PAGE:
I’m not saying I know the perfect way to run a county or make decisions, I don’t agree with them but I have to respect the democracy, the problem is that democracy is not in my favour. I  understand that this was a democratic vote and necessary but that doesn’t mean that I have to agree with it and not be frustrated by it. It does however mean that I have to respect it.

There is a reason that young people seem to become disengaged in politics and it is because time and time again we are bearing other people’s consequences.  We are the future of Britain and yet again we have been overruled by the very system that we are meant to believe in. So call us millennials and call us selfish or disengaged but remember that we are living with the consequences of others choices. We have been told to trust a system that has continually let us down. Don’t be surprised when we become ambivalent towards that system.

We have had choices forced upon us. We have been overruled constantly and yes we are young and learning but unfortunately we are learning that no matter how hard we shout or how hard we try we are being forced to go it alone. Even in the face of an EU split when we are meant to pull together and unify, and I stress again that we will try, we are finding out yet again that going it on our own is ‘best for business’. I don’t want to do that and will actively try to not to but it is hard when our voices are not heard and we have to bare others choices.

This is a momentous day in politics for good and bad reasons but it is also a momentous day for my voting habits as my faith in the system and value of the ‘young vote’ has been seriously dented. Just another one in a long line of injustices that I cannot help but feel hard done by. I said this article would seem selfish and an emotional response and it has been but while I’ve had enough of having a minority voice I still have to live with the consequences and we should all work together to work out how we move forward. I need to get over my disappointment and will do in time, we need to be a United Kingdom, but it will not be easy. Once again I’m am going to struggle to try and accept a decision that my generation didn’t want but we will try anyway because we want a better Britain, even if that confidence is fading every time decisions are made on my behalf. Remember that while 52% voted to leave 48% still want to stay. We need to accept the fact that it is done but also that it was not unanimous.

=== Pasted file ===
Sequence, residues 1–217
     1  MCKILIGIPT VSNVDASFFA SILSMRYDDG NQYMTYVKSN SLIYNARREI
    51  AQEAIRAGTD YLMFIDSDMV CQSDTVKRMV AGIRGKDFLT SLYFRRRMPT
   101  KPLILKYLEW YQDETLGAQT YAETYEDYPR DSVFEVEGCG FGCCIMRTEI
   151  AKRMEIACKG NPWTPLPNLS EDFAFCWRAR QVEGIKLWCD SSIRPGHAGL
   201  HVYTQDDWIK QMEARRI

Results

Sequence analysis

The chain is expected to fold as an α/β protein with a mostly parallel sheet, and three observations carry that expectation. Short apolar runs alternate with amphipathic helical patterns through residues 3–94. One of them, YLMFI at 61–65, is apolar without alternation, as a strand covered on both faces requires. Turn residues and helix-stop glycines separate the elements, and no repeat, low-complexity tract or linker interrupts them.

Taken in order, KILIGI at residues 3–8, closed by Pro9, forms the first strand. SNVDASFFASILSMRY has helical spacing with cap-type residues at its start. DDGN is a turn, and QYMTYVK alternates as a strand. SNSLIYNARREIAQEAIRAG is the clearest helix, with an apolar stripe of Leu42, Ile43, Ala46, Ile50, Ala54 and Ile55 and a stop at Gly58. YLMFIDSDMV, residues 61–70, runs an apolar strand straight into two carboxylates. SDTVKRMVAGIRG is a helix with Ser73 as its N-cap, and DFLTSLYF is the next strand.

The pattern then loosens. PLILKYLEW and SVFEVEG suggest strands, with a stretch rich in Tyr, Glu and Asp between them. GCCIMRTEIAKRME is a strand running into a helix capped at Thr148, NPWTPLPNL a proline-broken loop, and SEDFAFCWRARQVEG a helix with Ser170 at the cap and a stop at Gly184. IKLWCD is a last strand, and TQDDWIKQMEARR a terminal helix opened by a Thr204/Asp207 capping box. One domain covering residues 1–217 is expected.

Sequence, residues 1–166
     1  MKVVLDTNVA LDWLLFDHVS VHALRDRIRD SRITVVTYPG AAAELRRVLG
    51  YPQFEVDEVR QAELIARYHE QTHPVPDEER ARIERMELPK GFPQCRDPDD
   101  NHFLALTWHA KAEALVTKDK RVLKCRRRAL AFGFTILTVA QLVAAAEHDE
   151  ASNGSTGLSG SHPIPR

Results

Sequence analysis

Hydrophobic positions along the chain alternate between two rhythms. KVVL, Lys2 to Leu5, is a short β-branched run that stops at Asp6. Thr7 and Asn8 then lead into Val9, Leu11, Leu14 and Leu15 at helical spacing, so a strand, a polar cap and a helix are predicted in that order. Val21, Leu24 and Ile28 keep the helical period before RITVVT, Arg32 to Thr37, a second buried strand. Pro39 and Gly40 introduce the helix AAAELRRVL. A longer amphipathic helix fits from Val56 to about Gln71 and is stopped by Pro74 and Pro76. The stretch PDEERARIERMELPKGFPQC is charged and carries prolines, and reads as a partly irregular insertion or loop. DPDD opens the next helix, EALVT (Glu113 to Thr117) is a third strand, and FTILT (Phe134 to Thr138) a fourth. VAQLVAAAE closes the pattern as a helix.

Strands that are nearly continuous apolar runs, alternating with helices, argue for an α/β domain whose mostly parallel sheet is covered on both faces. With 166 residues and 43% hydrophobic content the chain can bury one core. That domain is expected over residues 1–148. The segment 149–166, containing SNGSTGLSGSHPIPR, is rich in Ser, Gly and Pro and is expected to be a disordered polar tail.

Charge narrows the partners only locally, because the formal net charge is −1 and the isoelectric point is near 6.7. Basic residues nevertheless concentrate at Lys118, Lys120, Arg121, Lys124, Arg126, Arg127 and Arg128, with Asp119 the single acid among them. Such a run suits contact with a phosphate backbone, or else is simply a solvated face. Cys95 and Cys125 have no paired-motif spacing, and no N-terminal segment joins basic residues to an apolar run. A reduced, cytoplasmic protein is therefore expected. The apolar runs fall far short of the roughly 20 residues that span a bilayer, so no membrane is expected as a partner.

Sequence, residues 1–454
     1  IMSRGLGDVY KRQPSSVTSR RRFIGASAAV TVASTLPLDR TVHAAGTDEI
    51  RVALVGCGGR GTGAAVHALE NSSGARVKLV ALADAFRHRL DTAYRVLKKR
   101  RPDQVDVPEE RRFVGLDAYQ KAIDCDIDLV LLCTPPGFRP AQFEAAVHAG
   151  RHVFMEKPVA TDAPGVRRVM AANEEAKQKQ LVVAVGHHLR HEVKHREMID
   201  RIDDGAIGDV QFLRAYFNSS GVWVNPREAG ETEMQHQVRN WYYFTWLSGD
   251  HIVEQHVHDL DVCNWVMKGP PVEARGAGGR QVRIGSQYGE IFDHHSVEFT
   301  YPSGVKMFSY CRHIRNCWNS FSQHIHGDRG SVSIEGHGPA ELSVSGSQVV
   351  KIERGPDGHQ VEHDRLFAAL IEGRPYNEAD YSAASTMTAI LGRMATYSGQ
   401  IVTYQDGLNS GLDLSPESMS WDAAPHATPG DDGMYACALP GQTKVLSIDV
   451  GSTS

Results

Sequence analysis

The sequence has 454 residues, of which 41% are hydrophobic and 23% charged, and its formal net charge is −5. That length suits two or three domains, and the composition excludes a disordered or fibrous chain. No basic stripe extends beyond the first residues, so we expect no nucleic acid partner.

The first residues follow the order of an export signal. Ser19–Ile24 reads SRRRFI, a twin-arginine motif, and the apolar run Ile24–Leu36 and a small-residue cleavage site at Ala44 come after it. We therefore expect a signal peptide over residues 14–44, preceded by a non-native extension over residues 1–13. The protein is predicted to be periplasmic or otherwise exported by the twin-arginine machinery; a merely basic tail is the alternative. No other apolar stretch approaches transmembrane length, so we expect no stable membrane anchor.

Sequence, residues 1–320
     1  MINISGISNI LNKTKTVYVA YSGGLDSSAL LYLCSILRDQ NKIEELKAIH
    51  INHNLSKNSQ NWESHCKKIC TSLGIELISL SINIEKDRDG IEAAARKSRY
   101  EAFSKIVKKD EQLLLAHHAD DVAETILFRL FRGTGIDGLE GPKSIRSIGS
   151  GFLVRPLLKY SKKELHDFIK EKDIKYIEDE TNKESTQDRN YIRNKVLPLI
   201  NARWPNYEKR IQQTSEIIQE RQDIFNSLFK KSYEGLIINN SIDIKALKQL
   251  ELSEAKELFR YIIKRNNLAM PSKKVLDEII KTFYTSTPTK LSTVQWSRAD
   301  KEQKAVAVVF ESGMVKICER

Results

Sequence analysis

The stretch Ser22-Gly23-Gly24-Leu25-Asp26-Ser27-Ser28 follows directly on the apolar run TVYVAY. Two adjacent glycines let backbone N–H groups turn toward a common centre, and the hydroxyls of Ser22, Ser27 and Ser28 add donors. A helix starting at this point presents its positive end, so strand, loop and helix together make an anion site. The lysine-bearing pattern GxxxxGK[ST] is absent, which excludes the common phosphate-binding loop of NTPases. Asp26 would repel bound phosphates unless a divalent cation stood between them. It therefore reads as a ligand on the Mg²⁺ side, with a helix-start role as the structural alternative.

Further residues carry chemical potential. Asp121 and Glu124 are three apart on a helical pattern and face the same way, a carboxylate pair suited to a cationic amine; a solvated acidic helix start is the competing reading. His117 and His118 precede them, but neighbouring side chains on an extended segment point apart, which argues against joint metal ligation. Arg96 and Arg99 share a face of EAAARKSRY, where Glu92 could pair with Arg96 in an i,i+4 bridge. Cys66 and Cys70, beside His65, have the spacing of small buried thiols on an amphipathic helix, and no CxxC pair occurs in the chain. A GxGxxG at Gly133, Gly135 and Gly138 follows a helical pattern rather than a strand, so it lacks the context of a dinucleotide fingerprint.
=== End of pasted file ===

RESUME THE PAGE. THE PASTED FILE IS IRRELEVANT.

Despite this lets soak in this moment whether we agreed with it or not we have changed the face of the U.K., Europe and the world. We may not like it but we have no choice now what has been done is done. I just pray that my generation aren’t disenfranchised by it. Just remember that we are not a selfish generation we are a generation who are seriously losing faith as our voices are drowned out time and time again but a generation who will try to move forward in unity with the rest of the UK. It is not, as some have said, only dark days ahead, we have control of our future. I am merely trying to raise the issue that there is reason that the young can feel disenfranchised.